Alumna Spotlight: Tara Samuels
Aerospace Engineer, NASA Ames Research Center
M.S. Aerospace Engineering, San Jose State University
M.B.A., San Jose State University
Ph.D., Embry Riddle Aeronautical University (Expected 2022)
I started my career as an MBA and worked on a variety of consumer brands for well over a decade. While getting my pilot license, I discovered an aptitude for aircraft systems, and decided to pursue an MS in Aerospace Engineering. I am now an Aerospace Engineer at NASA Ames Research Center.
What do you do at work?
I am the Lead Systems Engineer on a space biology experiment that will be conducted on board the International Space Station (ISS), studying the effects of microgravity on stem cells. This experiment will be conducted inside a cutting-edge research facility developed by NASA Ames Research Center, the Bioculture System, which lets scientists carry out long-term cell biology studies in the microgravity environment of the ISS.
Systems Engineers ensure engineered systems meet technical requirements and operational objectives, and ultimately function together as designed, over their intended lifetime, and in their intended environments. I am responsible for making sure our systems and subsystems are designed, fabricated, integrated, and tested properly.
Perhaps the best part of the job is the “people systems” that make our project successful. We have multiple groups working together to tackle inter-related technical, scientific, and operational challenges. On a typical day, I might lead our engineering team through a planning meeting, prioritize a software glitch with our software team, discuss a pH sensor test or flow path repair with our instrumentation team, or debate the root cause of a valve not actuating properly. I love the problem solving, orchestrating, and team building. It is a very natural role for me, combining the technical knowledge of an MSAE with the thought discipline of an MBA.
What are you most passionate about in your work? Why?
I love supporting scientific research and exploration. It is such an honor to work on projects that help improve people’s health and help us understand the world around us. I am also passionate about creating an environment where project team members can focus on doing their best work.
In my spare time, I am the founder of CaptainSTEM.com, a member of NASA ARC’s Speakers Bureau, a Solar System Ambassador for NASA JPL, and a Captain in Civil Air Patrol, the civilian arm of the US Air Force, where I have served as a Mission Transport Pilot and Aerospace Education Officer. I love sharing my passion for all things air and space with the next generation.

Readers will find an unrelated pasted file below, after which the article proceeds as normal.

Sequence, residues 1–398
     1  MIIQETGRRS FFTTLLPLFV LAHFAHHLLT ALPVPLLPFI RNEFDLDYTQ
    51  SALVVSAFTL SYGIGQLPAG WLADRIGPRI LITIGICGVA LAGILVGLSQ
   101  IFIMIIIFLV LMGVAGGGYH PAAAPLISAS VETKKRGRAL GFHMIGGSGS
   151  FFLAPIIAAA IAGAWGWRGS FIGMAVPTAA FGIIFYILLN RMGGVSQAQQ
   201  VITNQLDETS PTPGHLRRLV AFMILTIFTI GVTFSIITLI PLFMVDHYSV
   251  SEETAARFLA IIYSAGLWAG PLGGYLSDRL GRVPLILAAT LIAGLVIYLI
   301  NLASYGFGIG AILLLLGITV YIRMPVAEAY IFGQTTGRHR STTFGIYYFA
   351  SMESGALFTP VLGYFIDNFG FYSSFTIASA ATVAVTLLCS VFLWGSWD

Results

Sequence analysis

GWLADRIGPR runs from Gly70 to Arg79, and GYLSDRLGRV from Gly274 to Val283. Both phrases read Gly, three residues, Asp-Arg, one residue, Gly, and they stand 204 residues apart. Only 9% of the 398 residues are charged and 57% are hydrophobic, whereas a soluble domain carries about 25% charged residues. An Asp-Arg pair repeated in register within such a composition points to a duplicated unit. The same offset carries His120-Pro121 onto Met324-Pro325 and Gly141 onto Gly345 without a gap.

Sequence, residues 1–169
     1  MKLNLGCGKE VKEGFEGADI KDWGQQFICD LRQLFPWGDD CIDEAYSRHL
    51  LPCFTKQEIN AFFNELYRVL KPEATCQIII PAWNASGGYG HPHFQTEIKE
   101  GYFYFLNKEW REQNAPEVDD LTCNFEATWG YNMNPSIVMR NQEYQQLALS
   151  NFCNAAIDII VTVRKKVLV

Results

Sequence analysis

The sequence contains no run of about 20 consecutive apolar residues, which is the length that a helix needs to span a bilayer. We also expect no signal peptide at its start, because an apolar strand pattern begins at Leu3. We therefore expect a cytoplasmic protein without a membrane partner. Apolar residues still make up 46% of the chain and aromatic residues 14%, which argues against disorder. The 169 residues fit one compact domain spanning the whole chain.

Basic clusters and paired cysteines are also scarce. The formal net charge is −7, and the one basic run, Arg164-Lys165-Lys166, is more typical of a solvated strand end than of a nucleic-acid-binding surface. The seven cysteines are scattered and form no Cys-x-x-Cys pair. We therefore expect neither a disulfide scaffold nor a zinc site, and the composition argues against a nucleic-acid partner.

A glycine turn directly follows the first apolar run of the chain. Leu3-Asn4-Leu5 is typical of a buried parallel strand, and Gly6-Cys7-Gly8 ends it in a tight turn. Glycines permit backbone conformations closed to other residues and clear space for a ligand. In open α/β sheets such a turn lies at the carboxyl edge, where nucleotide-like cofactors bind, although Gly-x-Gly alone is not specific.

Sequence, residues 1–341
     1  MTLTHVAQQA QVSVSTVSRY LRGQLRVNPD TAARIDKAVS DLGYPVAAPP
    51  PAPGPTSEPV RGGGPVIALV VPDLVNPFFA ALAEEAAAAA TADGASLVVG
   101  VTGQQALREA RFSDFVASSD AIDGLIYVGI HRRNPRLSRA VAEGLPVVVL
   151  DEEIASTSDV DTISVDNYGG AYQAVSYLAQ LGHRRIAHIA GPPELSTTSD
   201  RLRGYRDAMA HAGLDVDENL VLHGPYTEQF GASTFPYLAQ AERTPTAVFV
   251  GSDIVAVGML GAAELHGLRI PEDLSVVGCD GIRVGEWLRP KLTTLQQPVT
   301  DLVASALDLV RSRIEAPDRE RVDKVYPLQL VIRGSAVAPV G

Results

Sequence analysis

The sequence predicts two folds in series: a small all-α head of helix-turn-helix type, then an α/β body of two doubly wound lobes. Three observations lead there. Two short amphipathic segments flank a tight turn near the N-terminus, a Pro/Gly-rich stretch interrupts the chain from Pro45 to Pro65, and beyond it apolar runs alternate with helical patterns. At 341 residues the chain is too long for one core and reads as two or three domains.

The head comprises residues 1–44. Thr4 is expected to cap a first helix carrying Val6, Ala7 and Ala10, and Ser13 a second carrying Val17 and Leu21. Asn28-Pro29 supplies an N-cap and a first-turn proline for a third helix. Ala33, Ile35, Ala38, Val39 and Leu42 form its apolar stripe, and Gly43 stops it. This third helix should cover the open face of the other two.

How has your SJSU AE experience helped shape your success?
The deliberately open-ended real-world scenarios at SJSU help build solid Aerospace Engineers who know how to find practical solutions to complex, imperfect problems.
How are you making a positive impact in the world?
The projects I support help us broaden our knowledge of the world and will ultimately help land human astronauts on Mars. I also dedicate my time to helping the next generation find confidence and joy in learning and aspire to STEM fields.
What advice do you have for aspiring AEs?
Becoming an Aerospace Engineer is much more about how hard you are willing to work than about being the smartest person in the room. Push yourself, follow through, support your classmates and value your professors. Get help when you need it and keep high standards for yourself. Your classmates will become your colleagues and advocates in the future so develop a strong work ethic and start building your reputation now.
Anything else you’d like to add?
Let your curiosity and natural interests guide you. Be active in aerospace and/or engineering clubs on campus and take on leadership roles. Stretch yourself in areas that are do not come easy for you. Connect with people. Take genuine interest in them and their work. Network.
Your ability to communicate will likely be the single greatest predictor of success in your career. Reading books helps cultivate empathy, develops a rigorous thought process, as well as building your vocabulary, and improving sentence structure. Delve into the classics, autobiographies, even poetry. Join a Toastmasters Club and grow your skills as a leader, speaker and listener.
Be grateful for any opportunity to learn, even if it is unpaid. An internship is a free pass to get in the door, and that is worth a lot more than a paycheck. Use it wisely.
Finally, set a goal for yourself of one day becoming a pilot. It is an incredible experience, and it will help develop your intuition as an Aerospace Engineer.